Why do I need it?

Zinc is a nutrient that is needed to stay healthy and is found in cells throughout the body. It helps the immune system fight off invading bacteria and viruses. The body also needs zinc to make proteins and DNA, the genetic material in all cells.

Where do I get it?

Mussels, Oysters, Alaskan king crab, Lean Beef

Vitamin silicon

What is Silicon?

Silicon is a mineral. Silicon supplements are used as medicine. It is used for weak bones (osteoporosis), heart disease, stroke (cardiovascular disease), Alzheimer’s disease, hair loss, improving hair, and nail quality. It is also used for skin healing; and for treating sprains and strains, as well as digestive system disorders.

Why do I need it?

It plays an important role in the formation of bone and connective tissue, enhances calcium and other minerals settling on bone tissue. In addition to this, silicon helps improve skin, hair, nail problems, amongst others.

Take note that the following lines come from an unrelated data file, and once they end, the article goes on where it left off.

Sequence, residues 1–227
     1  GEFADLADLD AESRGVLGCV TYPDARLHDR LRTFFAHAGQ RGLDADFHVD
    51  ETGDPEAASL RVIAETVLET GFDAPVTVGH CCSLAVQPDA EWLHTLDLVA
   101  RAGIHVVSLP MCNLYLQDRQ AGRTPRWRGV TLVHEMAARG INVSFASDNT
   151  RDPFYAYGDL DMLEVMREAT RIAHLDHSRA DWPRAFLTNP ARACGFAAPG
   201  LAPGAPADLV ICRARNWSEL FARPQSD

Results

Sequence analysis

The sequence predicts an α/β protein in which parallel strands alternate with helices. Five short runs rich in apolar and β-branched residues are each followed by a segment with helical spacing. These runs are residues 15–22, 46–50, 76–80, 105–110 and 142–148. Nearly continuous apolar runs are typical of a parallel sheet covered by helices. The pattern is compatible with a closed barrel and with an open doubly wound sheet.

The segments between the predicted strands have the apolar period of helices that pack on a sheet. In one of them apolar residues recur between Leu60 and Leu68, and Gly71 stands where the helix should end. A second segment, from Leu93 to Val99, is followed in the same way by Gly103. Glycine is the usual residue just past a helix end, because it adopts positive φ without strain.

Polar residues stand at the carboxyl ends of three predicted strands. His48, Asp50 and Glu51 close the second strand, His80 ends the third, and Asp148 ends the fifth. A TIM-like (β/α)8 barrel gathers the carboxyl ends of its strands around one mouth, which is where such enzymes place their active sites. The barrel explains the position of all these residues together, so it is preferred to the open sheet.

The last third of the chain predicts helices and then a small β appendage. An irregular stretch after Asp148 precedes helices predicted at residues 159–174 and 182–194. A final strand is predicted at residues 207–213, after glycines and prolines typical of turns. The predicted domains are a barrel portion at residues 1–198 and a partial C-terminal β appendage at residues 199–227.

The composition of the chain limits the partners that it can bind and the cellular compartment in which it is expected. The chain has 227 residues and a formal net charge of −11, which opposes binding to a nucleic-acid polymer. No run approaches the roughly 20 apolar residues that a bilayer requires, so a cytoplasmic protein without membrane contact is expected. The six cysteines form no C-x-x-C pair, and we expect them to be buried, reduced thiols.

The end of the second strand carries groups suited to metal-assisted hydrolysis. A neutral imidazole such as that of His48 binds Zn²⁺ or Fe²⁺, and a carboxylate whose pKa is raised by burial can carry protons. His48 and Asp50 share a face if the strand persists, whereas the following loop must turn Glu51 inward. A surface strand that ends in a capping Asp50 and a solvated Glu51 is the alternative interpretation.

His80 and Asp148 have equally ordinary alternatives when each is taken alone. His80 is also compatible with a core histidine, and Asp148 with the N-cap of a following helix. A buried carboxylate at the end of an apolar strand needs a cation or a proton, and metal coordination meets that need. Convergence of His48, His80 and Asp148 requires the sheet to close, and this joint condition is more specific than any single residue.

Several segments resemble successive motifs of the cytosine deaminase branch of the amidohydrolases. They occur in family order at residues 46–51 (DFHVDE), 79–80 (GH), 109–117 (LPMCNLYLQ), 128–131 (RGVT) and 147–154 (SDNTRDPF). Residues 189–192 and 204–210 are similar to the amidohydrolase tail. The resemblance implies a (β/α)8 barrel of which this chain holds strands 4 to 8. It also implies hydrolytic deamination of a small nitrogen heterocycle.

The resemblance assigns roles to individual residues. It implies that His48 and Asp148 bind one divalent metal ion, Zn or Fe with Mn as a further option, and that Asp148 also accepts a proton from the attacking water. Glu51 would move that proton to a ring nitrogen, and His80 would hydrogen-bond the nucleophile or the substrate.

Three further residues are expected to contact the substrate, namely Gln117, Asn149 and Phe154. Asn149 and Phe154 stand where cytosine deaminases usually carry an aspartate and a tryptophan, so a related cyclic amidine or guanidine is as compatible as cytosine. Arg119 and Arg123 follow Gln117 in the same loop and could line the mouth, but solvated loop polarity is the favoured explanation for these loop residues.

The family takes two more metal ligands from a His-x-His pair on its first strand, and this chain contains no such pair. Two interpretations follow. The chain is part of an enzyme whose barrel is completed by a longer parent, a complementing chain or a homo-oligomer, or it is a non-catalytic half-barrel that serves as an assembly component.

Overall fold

Where do I get it?

Whole grains such as Barley, Oats, and Rice.
Fruits like Oranges, Apples, Cherries, Grapes, and Raisins.
Green vegetables like Celery, Cucumbers, and Cabbage.
Nuts and Seeds like Peanuts and Almonds.

Vitamin copper

What is Copper?

It might be considered a “trace” mineral, but copper’s role in supporting good health is formidable. Along with other nutrients, your body only needs a small amount of copper—but that little dose accomplishes quite a bit.

Why do I need it?

Copper is essential for infant growth, bone strength, red and white blood cell maturation, iron transport, cholesterol and glucose metabolism, heart muscle contraction, and brain development.

Where do I get it?

Seafood, Cashews, Filberts, Almonds, Macadamia nuts, Peanut, Soybeans, Navy beans, Fruits and Vegetables, and Black pepper.